About Business Logistics

I speak to individuals about the companies they work for, and they refer to different departments, such as Planning, Purchasing, Warehousing, Inventory Control, and Transportation. These are many of the roles within the scope of Business Logistics, yet their companies have not realized they are all intertwined and can be banked against each other; traded and bartered for better company discounts. Additionally, they mention Returns, which is actually referred to as Reverse Logistics.

All of these roles are components of the Supply Chain in every industry. Logisticians help companies realize cost savings throughout the Supply Chain. Speaking with Logisticians about the Supply Chain encourages businesses to locate and differentiate the savings their companies could reap. This leads to new profit opportunities for their organizations.

Once I speak to individuals about the scope of Business Logistics and what it entails, they are fascinated by it. They tell me I should speak to their Management about the cost savings they can make through tradeoffs of services. There should be more high profile papers and articles on Business Logistics to educate the business world. It’s not just something students should learn about in college.

Supply Chain assists organizations with cost savings by streamlining the Planning and Purchasing roles so that the right materials are at the right place at the right time, so manufacturing can continue in order to exceed Customer expectations. No manufacturing down time is the goal of many businesses, in order to achieve just in time advantages. JIT can either reduce or eliminate inventory carrying costs of the organization, and can promote lean manufacturing processes. Lean manufacturing processes initiate cost savings throughout the Supply Chain, and savings can be transferred to Customers.

Benefits of Balanced Content

This may seem like a counterintuitive concept but let me explain. In my global work with leading speakers, authors, and thought leaders, I’ve noticed that most content is out of balance. Authors and thought leaders have a tendency or a bias. They are either incredibly academic or hyper focused on business, and this makes sense, given that many thought leaders come from either the hallowed halls of academia or the shining towers of the corporate world. Their world view and perspectives are shaped by their experiences.

Now there’s nothing inherently wrong with leaning towards business or academia. The content market admires, appreciates, and consumes content that leans in either direction. That being said, the best content I’ve seen is balanced. It has hard data to support the theories and it is peppered with stories and anecdotes based on the content’s real world business application. All too often I’ve heard academics snobbishly dismiss a business book written by a world renowned CEO because it doesn’t have an academic underpinning or data. I’ve also heard many C level execs discount the potential value of content that comes from academia as they claim that it wouldn’t work in “the real world” of business.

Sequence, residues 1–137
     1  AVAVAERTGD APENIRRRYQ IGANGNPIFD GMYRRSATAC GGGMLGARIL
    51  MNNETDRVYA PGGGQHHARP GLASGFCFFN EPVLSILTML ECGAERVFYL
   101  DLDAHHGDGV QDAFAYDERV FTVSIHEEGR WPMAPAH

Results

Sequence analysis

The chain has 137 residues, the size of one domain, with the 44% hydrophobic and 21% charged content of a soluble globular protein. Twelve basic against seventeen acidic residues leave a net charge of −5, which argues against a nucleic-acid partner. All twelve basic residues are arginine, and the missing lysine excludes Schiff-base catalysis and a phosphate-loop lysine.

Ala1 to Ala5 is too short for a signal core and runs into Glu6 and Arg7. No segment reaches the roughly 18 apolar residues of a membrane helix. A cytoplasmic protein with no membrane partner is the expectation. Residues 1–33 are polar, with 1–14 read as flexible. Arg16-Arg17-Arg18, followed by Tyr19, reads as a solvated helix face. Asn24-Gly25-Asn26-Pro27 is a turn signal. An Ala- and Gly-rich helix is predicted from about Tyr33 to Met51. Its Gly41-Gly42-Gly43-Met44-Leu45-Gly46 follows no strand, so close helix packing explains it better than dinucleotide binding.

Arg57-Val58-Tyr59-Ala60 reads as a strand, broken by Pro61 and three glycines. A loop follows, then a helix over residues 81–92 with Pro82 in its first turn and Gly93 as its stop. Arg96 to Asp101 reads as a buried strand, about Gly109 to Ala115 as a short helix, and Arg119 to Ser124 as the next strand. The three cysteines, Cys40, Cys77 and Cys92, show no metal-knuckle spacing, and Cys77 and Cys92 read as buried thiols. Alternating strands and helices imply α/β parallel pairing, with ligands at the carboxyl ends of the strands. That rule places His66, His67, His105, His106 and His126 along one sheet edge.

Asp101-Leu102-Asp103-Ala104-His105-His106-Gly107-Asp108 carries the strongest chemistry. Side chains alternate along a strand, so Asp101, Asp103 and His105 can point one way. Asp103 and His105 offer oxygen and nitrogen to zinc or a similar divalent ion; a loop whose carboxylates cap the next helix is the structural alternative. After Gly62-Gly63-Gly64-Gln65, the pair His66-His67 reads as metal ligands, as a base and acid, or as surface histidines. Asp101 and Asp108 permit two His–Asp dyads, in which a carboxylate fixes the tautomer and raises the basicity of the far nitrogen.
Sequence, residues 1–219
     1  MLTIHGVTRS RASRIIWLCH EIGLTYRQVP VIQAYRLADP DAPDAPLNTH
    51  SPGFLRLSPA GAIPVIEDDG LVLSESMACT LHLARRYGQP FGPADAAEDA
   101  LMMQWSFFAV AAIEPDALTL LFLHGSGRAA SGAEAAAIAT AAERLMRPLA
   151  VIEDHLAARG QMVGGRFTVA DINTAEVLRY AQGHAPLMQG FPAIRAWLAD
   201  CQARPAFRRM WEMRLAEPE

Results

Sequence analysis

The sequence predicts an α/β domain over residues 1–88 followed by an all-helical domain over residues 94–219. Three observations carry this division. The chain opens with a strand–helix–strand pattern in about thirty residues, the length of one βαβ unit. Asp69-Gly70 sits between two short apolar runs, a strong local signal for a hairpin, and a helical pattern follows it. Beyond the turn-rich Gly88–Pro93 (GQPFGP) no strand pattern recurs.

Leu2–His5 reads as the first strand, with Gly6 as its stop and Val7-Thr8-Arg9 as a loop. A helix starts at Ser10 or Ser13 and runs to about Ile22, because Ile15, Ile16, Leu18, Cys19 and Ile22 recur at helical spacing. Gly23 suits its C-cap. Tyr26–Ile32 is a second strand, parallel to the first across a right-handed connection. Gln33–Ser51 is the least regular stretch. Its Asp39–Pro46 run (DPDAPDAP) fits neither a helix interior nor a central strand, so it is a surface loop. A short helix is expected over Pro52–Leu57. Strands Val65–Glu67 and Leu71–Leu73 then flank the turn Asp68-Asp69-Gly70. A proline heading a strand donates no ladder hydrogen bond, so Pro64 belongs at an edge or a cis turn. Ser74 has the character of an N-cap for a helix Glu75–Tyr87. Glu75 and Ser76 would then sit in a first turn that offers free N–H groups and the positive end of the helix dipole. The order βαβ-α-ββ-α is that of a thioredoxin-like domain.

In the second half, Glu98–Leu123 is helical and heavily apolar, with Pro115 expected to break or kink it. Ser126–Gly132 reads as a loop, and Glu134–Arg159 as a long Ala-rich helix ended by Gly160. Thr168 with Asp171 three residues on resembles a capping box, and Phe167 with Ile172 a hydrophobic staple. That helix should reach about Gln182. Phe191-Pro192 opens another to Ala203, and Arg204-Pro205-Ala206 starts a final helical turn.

I’d use the Switzerland strategy. Be neutral and open to the needs and concerns of both sides and respect them both. For example, if you’re a less academic thought leader, put the effort in to finding some academic research to validate your concepts and theories. Chances are there is academic work that has been done that you can cite and it will neutralize the darts that academics may toss at you. Conversely, if you’re an academic you need to get out into the field and talk to business leaders and run experiments in the real world to validate your claims. Oftentimes things that should work just don’t for a variety of reasons; the lab is not the same as the market place.

Now you have one more thing to keep balanced in your life, however, the benefits of cross pollinating your work will make it stronger and reduce the resistance as it spreads across an organization.

Importance of Business Systems

Business systems are documented procedures setting out how your organisation operates. They are processes, usually combining actions taken by people and some form of automated application, organised in such a way so as to meet a given set of business objectives. Such systems can generally take place without the business founder / owner’s direct action, over and over again, as efficiently as possible.